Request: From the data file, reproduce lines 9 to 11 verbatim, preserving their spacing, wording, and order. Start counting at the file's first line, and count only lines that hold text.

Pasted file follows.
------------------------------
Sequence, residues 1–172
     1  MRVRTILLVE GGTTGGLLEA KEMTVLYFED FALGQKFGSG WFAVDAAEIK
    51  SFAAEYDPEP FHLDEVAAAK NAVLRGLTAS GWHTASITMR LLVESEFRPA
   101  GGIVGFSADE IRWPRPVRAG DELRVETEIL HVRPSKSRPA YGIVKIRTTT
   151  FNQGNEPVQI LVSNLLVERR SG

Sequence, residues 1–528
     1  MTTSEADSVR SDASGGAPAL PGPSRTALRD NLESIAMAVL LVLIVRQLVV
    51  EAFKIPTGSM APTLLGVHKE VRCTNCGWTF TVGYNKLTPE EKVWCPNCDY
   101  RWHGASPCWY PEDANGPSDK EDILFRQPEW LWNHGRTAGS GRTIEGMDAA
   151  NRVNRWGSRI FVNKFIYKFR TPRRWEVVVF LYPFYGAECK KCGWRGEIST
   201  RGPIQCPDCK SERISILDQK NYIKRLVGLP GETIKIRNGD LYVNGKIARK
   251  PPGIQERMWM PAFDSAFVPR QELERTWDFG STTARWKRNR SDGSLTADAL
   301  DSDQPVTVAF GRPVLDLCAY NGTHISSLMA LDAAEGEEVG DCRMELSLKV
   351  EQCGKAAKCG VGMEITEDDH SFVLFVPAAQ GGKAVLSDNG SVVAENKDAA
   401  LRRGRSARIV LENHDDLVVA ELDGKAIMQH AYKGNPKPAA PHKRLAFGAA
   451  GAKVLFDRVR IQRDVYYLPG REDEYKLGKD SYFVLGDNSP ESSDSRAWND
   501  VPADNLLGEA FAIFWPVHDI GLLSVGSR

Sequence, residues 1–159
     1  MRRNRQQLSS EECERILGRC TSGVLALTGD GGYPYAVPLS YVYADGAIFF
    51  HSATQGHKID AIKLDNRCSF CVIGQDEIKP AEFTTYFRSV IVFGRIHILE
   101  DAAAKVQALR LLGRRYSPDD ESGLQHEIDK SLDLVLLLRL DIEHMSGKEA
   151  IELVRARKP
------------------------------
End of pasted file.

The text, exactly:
   101  RWHGASPCWY PEDANGPSDK EDILFRQPEW LWNHGRTAGS GRTIEGMDAA
   151  NRVNRWGSRI FVNKFIYKFR TPRRWEVVVF LYPFYGAECK KCGWRGEIST
   201  RGPIQCPDCK SERISILDQK NYIKRLVGLP GETIKIRNGD LYVNGKIARK